The most sincere form of flattery


Looking for Freedom

CC BY-ND 2.0 by Daniel Lee

Nextcloud now exists for almost exactly 8 months. During this time we put a lot of efforts in polishing existing features and developing new functionality which is crucial to the success of our users and customers.

As promised, everything we do is Free Software (also called Open Source), licensed under the terms of the GNU APGLv3. This gives our users and customers the most possible flexibility and independence. The ability to use, study, share and improve the software also allows to integrate our software in other cloud solutions as long as you respect the license and we are happy to see that people make use of this rights actively.

Code appearing in other app stores

We are proud to see that the quality of our software is not only acknowledged by our own users but also by users of other cloud solutions. Recently more and more of our applications show up at the ownCloud App Store. For example the community driven News app or the Server Info app, developed by the Nextcloud GmbH. Additionally we have heard that our SAML authentication application is widely considered far better quality than other, even proprietary alternatives, and used by customers of our competitors in especially the educational market. All this is completely fine as long as the combination of both, our application and the rest of the server, is licensed under the terms of the GNU AGPLv3.

Not suitable for mixing with enterprise versions

While we can’t actively work on keeping our applications compatible with other cloud solutions, we welcome every 3rd party efforts on it. The only draw-back, most of the other cloud solutions out there make a distinction between home users and enterprises on a license level. While home users get the software under a Free Software license, compatible with the license of our applications, Enterprise customers don’t get the same freedom and independence and are therefore not compatible with the license we have chosen. This means that all the users who uses propriety cloud solutions (often hidden by the term “Enterprise version”) are not able to legally use our applications. We feel sorry for them, but of course a solution exists – get support from the people who wrote your software rather than a different company. In general, we would recommend buying support for real Free Software and not just Open Source marketing.

Of course we don’t want to sue people for copyright violation. But Frank choose the AGPL license 7 years ago on purpose and we want to make sure that the users of our software understand the license and it’s implications. In a nutshell, the GNU AGPLv3 gives you the right to do with the software whatever your want and most important all the entrepreneurial freedom and independence your business needs, as long as the combined work is again licensed under the GNU AGPLv3. By combining GNU AGPLv3 applications with a proprietary server, you violate this rule and thus the terms of the license. I hope that other cloud solutions are aware of this problem, created by their open-core business model, and take some extra steps to protect their customers from violating the license of other companies and individual contributors. For example by performing a license check before a application gets enabled.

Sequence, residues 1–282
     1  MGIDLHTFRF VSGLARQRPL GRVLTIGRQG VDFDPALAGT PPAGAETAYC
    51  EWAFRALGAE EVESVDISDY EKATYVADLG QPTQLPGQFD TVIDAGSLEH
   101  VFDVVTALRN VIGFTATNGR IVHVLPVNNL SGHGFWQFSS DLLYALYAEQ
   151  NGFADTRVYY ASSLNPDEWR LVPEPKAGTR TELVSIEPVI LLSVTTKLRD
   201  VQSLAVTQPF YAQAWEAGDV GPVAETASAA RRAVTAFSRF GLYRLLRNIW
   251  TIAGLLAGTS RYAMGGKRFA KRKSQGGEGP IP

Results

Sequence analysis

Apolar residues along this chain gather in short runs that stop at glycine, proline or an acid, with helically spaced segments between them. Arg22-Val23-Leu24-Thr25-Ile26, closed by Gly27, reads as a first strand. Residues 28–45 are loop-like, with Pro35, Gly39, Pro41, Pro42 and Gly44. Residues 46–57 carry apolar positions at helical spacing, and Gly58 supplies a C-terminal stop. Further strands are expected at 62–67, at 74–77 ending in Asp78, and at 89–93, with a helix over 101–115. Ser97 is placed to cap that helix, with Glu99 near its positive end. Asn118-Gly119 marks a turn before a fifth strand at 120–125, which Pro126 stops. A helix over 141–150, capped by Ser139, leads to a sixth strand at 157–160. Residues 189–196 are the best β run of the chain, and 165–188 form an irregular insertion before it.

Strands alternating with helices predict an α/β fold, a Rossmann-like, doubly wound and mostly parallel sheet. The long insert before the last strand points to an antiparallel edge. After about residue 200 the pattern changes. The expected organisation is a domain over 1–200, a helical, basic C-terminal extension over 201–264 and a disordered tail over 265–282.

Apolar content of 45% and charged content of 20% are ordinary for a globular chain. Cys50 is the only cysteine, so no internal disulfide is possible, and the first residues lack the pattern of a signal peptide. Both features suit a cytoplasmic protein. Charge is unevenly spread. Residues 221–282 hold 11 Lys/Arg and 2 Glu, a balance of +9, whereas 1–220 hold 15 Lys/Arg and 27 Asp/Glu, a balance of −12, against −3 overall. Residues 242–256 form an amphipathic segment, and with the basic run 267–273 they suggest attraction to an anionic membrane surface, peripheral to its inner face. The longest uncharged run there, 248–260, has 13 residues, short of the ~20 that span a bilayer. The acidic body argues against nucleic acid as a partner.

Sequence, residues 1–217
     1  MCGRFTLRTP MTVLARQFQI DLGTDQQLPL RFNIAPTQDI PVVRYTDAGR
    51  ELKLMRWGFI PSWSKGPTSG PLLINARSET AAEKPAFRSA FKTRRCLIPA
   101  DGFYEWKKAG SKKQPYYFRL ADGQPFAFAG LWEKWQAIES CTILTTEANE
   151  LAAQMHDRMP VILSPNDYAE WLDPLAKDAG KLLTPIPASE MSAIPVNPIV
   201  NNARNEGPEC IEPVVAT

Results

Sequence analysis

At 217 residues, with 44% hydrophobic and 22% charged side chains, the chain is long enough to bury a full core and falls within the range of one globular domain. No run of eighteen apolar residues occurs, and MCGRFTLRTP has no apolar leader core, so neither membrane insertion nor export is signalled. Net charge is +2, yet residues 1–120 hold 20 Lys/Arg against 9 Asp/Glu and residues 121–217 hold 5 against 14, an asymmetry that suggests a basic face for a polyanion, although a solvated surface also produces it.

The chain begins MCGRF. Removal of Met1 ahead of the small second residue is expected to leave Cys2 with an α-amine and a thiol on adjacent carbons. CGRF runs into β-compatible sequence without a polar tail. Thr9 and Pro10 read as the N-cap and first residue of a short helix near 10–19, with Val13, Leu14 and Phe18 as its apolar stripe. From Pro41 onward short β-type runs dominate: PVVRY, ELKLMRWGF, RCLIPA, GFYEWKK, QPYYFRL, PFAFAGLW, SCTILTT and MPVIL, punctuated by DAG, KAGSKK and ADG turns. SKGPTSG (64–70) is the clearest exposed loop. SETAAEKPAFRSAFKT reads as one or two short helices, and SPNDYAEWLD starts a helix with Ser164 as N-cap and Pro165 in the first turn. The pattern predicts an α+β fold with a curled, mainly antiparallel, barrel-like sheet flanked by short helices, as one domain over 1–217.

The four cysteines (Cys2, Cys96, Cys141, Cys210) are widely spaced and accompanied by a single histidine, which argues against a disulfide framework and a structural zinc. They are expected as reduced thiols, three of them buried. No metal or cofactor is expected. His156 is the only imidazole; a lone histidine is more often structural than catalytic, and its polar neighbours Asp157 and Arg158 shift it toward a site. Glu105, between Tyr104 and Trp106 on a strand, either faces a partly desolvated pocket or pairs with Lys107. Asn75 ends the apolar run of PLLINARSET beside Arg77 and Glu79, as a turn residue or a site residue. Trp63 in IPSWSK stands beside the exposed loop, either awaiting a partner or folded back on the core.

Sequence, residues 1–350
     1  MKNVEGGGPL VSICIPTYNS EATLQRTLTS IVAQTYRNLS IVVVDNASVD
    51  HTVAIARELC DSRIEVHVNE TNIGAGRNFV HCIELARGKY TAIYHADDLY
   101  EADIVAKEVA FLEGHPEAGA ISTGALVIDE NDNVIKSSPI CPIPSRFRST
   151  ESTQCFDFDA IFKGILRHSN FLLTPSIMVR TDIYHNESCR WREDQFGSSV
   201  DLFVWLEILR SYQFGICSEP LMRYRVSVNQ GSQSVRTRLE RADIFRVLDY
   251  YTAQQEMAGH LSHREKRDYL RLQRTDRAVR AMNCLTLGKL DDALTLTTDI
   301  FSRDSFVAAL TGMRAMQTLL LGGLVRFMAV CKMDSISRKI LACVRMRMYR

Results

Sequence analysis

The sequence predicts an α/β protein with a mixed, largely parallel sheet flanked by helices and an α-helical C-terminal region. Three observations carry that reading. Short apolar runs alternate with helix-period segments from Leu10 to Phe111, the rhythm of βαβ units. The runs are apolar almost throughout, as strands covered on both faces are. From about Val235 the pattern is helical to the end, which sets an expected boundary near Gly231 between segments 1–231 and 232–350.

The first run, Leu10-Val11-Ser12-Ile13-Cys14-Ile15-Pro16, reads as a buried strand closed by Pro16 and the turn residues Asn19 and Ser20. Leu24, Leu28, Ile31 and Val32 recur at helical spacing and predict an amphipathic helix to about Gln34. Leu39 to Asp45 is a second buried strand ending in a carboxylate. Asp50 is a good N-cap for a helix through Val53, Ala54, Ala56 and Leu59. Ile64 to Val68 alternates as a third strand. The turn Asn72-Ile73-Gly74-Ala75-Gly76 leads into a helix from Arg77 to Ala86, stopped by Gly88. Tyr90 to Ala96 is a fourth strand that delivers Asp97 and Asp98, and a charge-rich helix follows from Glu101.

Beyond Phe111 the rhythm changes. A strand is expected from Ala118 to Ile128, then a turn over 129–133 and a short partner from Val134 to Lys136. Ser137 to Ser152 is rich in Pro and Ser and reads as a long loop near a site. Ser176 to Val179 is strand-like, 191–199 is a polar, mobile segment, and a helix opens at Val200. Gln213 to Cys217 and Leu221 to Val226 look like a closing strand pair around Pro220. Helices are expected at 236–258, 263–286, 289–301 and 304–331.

Open Core is a bad model for software development

This is one of many problems arising from the usage of open core business models. It puts users on risk if they combine the proprietary part with Free Software, more about it can be read here. That’s why we recommend all enterprise and home users to avoid a situation where proprietary and free licensed software is combined. This is a legal minefield. We at Nextcloud decided to take a clear stance on it. Everything is Free Software and there is only one version of the software for both home users and enterprises. Thus allows every home user, customer or partner to use all applications available as long as they respect the license.

Cloud Federation – Getting Social


Clouds getting Social

Clouds getting Social

With Nextcloud 11 we continue to work on one of our hot topics: Cloud Federation. This time we focus on the social aspects. We want to make it as easy as possible for people to share their contact information. This enabled users to find each other and to start sharing. Therefore we extended the user profile in the personal settings. As the screenshot at the top shows, users can now add a wide range of information to their personal settings and define the visibility for each of them by clicking on the small icon next to it.

Privacy first

Change visibility of personal settings

Change visibility of personal settings